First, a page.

The Master Weaver (originally published with Pride Newsmagazine)

Rose Hibbert and Christos Cox creates magic with Donna Kakonge’s hair

The Master Weaver

With her 1992 red and black Volkswagen Jetta, Hibbert drove me up to Hair & Wigs on the Danforth in Toronto to get the 150 per cent real human cuticle hair for the makeover. Her sister Ingrid Hart, who is an actor and had a long-running role on “Train 48,” was seated in the back.

Once we got back to Urban Textures Salon, one of their locations in downtown Toronto, I asked Hibbert why it’s important for people to change their hair sometimes for those people who have always been wearing the natural look, like I have for 13 years.

“I always say, there’s nothing wrong with conforming if it benefits you,” she says. “When people think carefully about that, use kids as an example. Kids will always be defiant. When you ask them to do the right thing and do this and do that, you’re asking them to conform into something positive or into something that can help them in the long run. Same thing with hair – there’s nothing wrong with getting extensions, especially if you know it’s going to benefit you – whether or not it’s short or long. It’s going to emphasize your beauty, or exaggerate your beauty.”

She tells a story about another sister of hers who started off working in the corporate company she presently works in with straightened hair. Now she wears locks and she’s a supervisor.

“She’s earned those locks,” says Hibbert.

I came on a day to get my hair done where I had few other plans. Hibbert advises this because sometimes it can take time. The actually weaving of my hair only took her an hour and a half, but in the traveling time to get the extensions and do the moisturizing treatment I did before the process, this took up a number of hours.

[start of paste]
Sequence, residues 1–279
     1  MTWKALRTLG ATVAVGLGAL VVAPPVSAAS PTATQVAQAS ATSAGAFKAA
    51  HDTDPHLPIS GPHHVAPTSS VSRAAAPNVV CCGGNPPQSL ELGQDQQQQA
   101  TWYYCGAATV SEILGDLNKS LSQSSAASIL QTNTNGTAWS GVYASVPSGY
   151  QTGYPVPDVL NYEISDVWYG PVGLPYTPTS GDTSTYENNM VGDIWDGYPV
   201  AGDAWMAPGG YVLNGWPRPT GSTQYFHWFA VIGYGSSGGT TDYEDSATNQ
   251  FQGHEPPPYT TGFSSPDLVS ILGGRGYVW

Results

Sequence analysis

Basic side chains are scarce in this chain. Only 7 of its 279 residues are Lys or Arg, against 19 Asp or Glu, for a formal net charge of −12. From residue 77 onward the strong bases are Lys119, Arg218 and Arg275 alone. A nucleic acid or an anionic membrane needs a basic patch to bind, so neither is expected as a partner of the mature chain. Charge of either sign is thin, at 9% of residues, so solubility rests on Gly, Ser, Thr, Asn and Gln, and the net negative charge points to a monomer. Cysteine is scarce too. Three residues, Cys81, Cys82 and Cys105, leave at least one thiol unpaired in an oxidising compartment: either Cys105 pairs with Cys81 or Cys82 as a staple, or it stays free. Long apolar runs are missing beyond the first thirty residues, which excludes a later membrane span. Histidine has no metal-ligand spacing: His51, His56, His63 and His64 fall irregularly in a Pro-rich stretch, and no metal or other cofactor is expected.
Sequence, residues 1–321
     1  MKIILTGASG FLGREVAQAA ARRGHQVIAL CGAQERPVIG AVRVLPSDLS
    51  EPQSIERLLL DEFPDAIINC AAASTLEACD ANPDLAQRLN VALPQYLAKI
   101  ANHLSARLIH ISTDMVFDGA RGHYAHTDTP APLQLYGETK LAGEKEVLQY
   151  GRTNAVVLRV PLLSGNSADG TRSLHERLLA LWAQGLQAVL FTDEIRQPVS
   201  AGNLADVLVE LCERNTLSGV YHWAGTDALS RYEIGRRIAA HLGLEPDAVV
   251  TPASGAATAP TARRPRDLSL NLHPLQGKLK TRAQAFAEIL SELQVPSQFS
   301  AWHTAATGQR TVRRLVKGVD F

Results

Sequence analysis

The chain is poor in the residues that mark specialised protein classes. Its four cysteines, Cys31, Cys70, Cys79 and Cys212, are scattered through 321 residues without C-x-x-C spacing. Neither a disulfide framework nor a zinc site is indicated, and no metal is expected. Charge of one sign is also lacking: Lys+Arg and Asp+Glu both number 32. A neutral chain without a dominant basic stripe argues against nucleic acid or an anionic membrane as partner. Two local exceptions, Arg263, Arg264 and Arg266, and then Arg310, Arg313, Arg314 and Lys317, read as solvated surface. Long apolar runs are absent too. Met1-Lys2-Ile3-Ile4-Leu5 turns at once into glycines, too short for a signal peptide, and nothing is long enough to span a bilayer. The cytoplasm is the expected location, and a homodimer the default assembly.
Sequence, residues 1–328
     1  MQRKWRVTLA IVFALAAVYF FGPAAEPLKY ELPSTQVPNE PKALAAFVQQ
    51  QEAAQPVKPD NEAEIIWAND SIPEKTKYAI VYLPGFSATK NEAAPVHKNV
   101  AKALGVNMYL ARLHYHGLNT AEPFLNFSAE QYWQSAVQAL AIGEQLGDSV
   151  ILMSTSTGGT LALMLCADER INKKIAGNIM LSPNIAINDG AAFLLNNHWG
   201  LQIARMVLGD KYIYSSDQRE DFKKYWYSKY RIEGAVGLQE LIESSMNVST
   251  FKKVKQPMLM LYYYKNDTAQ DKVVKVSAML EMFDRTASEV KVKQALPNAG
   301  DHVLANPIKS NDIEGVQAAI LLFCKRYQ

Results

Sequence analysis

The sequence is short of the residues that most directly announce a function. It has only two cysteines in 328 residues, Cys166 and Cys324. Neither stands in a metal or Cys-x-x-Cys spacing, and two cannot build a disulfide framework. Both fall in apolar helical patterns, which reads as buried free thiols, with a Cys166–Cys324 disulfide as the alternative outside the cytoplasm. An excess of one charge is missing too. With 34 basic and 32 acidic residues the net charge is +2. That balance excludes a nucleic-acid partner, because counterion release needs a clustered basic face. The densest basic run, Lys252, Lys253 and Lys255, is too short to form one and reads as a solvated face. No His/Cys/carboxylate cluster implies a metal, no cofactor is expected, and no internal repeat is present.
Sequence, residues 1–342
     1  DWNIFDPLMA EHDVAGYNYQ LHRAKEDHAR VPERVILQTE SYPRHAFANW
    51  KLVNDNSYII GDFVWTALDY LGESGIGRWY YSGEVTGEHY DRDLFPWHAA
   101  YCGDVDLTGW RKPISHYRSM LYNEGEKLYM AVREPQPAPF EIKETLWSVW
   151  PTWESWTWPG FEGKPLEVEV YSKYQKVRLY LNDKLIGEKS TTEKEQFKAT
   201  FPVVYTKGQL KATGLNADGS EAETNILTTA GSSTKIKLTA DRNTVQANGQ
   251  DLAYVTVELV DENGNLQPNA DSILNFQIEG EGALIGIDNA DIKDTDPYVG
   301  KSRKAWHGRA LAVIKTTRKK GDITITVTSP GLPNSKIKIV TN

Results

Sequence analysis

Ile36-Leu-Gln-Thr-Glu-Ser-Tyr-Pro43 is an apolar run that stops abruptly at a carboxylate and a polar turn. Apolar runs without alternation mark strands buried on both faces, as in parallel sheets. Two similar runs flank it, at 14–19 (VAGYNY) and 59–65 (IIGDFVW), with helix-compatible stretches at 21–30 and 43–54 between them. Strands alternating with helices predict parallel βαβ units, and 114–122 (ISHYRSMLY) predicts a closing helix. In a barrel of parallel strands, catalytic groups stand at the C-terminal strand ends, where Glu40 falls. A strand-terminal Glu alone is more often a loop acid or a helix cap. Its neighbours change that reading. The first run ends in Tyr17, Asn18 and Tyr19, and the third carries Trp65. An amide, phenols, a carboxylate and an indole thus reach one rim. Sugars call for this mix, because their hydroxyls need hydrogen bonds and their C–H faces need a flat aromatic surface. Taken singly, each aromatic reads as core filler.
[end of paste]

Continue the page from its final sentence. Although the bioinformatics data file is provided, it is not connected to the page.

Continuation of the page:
“Look at this,” said Hibbert pointing to my hair. “You feel the softness in your hair and how strong it looks already. Continue your treatments and you’ll be set.”

Hibbert can do all kinds of hair, but prefers doing the weave. She works freelance and has more challenges than just dealing with an invisible part to overcome.

Hibbert has a kidney problem in which she is currently undergoing dialysis. You’d never know it from her quick smile and easy laugh.

She has a cat and started weaving in her early years. Her entire family became her hair models to test out her skills. She’s a specialist because she spends her spare time weaving. Although she does extensions, she also believes the importance of cutting hair.

“You have a house plant that’s growing, and you have about five dead leaves on it – you’re not just going to cut off half the leaves, half of each dead leaf,” she says. “You have to cut off all the leaves, cut it all off – it doesn’t matter if you have a little bit left. All you’re doing is giving it more room to grow. Ever hear the saying one bad apple spoils the whole bunch. It’s the same thing with your hair. No matter how you try to hold onto it, it’s going to continue breaking and it’s not going to grow. Cut it all off and you’re going to notice how healthy your hair is.”

My hair is doing great and now I have an easy to maintain look that makes me feel different in a good way. I have so many people telling me how natural my weave looks, and it’s thanks to Hibbert. She is a master weaver.

Sometimes I miss the exposure of my natural hair, but I know it’s underneath, growing – which is what I want it to do.

I can keep the cuticle hair for six to seven years and that will give a lot of time for my hair to grow. The style will last for three months because Hibbert is a “perfectionist.”

If you’re interested in Rose Hibbert doing your hair, contact her at Urban Textures Salon: 416-977-HAIR.

If you liked this story, you would also enjoy the following books by Donna Kakonge that you can purchase on

What Happened to the Afro? (also available as a French translation)

Being Healthy: Selected Works from the Internet

Natural Beauty

The Politics of Black Hair Online Coursebook

Natural and Colourful Beauty in Education

Young Black Women in Toronto High Schools: Portraits of Family, School and Community Involvement in Developing Goals and Aspirations


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One thought on “The Master Weaver (originally published with Pride Newsmagazine)

  1. Thank you Cynthia Reyes!

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